Iron Man meets HULC as Lockheed enters exoskeletons race
March 27, 2013
Wearable machines that enhance human muscle power are poised to leave the realm of science fiction and help factory workers hoist heavier tools, lighten soldiers’ loads and enable spinal patients to walk, The Daily Item reports.
Lockheed Martin and Parker Hannifin are joining a handful of startups in finding uses and customers for bionic suits inspired by novelist Robert Heinlein’s 1959 “Starship Troopers” and Stan Lee’s Iron Man comic-book character.
The field may produce $400 million in annual revenue by 2020, according to technology consultant ABI Research.
The machines may follow a classic arc from Pentagon research project to fixture on an assembly line, similar to the development of lasers, said Paul Saffo, managing director of foresight at investment advisory firm Discern in San Francisco.
Parker Hannifin, the biggest manufacturer of motion and control devices, is seeking to expand into the medical industry.
Ekso Bionics’ device for spinal patients looks like the lower half of a black metal skeleton able to stand by itself on foot pads. Parker Hannifin’s medical model breaks into five pieces and resembles elongated, plastic football thigh pads worn on the sides of users’ legs.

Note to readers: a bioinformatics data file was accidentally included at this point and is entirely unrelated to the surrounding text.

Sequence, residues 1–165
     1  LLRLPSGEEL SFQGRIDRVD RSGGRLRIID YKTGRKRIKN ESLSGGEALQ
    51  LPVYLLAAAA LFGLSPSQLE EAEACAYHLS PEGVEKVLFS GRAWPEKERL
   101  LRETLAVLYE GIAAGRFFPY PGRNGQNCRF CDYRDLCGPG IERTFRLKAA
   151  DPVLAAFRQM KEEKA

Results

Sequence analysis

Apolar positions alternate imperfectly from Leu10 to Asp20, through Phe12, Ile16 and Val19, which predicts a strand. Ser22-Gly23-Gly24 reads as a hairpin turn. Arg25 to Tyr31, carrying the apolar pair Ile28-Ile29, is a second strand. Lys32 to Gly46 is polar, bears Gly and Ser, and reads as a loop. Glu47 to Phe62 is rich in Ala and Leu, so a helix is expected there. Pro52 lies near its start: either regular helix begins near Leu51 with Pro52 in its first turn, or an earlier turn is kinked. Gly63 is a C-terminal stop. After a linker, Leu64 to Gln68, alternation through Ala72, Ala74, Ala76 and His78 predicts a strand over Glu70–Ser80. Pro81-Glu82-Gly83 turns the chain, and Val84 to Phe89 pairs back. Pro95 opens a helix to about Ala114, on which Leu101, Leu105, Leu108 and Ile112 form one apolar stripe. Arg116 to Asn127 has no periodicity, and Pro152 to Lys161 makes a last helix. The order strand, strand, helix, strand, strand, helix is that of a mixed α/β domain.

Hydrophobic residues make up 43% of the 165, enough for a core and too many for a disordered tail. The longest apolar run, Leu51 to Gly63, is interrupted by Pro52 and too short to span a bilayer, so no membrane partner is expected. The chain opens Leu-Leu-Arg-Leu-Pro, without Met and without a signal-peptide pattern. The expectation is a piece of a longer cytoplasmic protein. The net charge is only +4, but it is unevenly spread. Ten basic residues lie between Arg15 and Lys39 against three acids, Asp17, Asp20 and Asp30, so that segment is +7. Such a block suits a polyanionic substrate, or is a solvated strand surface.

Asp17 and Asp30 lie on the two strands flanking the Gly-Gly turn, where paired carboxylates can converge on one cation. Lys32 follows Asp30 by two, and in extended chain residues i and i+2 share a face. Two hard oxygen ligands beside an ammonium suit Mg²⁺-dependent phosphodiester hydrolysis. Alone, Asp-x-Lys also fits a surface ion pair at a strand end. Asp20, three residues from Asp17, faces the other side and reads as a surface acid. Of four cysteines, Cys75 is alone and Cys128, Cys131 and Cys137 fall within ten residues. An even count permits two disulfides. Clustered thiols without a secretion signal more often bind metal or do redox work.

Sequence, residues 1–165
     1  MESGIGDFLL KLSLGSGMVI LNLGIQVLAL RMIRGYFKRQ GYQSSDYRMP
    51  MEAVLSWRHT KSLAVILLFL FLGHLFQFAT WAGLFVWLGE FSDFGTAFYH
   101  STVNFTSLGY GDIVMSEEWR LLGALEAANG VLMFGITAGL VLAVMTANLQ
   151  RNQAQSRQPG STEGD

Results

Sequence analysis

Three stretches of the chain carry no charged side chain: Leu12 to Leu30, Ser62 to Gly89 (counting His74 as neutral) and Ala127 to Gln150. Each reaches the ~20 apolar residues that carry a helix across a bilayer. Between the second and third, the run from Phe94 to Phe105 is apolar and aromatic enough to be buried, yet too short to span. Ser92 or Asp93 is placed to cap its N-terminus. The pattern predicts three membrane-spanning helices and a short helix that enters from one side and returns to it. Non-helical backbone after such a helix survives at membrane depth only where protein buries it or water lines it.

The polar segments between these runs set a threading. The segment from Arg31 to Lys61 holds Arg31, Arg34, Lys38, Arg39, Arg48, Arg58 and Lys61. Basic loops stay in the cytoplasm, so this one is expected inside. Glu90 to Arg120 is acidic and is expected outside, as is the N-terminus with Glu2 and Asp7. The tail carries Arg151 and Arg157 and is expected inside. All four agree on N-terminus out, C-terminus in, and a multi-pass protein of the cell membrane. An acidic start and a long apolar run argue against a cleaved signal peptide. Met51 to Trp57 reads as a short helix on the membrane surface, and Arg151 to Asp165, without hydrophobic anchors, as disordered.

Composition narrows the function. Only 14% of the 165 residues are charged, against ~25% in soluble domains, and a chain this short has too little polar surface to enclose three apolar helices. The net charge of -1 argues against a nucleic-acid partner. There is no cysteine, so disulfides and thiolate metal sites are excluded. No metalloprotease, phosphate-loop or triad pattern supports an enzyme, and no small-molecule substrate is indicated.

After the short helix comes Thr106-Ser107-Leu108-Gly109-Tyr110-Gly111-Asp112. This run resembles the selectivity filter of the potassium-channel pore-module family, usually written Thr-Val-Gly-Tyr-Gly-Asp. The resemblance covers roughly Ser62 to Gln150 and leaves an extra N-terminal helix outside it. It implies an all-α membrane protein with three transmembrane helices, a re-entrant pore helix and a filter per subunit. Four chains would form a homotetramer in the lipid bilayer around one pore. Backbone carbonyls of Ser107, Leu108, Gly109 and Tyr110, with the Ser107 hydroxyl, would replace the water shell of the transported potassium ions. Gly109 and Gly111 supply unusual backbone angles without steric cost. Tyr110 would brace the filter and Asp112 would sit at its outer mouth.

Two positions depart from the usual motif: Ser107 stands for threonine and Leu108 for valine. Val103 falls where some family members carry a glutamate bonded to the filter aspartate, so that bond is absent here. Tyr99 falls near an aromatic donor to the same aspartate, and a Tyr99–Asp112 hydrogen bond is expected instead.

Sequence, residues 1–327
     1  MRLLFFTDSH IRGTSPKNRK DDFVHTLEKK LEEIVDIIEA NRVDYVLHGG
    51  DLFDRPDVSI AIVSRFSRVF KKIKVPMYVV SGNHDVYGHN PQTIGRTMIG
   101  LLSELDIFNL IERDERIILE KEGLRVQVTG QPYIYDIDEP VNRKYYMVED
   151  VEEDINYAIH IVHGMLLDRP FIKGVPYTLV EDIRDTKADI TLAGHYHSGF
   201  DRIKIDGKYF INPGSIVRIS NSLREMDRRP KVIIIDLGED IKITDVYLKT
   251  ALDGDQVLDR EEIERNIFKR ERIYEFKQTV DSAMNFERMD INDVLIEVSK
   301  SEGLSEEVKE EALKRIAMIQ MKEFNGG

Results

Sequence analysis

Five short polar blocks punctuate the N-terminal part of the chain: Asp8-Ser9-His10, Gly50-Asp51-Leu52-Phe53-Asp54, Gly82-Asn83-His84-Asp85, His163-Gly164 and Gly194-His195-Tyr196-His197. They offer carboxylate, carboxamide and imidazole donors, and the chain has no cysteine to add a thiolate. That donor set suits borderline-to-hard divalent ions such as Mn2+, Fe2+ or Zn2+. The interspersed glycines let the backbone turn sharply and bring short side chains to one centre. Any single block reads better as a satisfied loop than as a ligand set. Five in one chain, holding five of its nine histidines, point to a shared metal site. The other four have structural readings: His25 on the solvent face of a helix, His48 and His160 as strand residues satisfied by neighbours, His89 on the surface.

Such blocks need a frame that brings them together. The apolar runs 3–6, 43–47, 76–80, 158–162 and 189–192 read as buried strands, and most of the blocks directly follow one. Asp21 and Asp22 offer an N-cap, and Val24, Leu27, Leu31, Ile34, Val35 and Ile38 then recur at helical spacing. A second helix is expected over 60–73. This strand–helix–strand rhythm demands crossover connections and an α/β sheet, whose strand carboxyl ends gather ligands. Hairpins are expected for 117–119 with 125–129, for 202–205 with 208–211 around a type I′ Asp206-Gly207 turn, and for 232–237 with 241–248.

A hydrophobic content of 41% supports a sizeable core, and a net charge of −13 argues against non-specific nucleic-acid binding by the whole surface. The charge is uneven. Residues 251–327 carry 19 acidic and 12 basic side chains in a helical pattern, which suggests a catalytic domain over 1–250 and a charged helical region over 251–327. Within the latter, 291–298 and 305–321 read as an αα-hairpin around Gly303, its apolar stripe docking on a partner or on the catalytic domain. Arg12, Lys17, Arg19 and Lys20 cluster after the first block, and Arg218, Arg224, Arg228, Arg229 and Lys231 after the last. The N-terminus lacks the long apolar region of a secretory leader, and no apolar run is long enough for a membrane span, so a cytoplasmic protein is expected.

Electric motors amplify the strength in their wearers’ limbs or, in the case of the wheelchair-bound, to supply motive power. Computers and sensors help provide balance and guidance.
Argo Medical Technologies entered the market last year, with an exoskeleton to assist patients who have lost the use of their legs. Parker Hannifin’s Indego model also targets those users, and will go on sale in 2014 at a price the company says is competitive with Argo’s 52,000-euro ($67,230) unit.
In between those introductions will come Lockheed’s Mantis, which the Bethesda, Md.-based company envisions as finding a home in any industry in which workers must hold heavy equipment that can cause fatigue and back injuries.
Mantis has a mechanical extension for a wearer’s arm and absorbs the strain from hefting a grinder or sander, Maxwell said. Tests found productivity gains of more than 30 percent, he said, and wearers showed their Macarena footwork to demonstrate the suits’ flexibility.
“Even though there are processors and sensors, there’s still a lot of physical matter that has to be machined and built,” said Discern’s Saffo, who is also a consulting associate professor at Stanford University’s engineering school.
The other limitation is battery life. Batteries can be made only so powerful before turning into a bomb, Saffo said.
Lockheed envisions a leap forward in battlefield mobility with its Human Universal Load Carrier — whose HULC acronym evokes images of Marvel Comics’ Incredible Hulk, a green, super- strong mutant and sometime-ally of Iron Man. HULC is intended to let a soldier lug a 200-pound pack with minimal effort over a 20-kilometer (12.4-mile) hike, Maxwell said.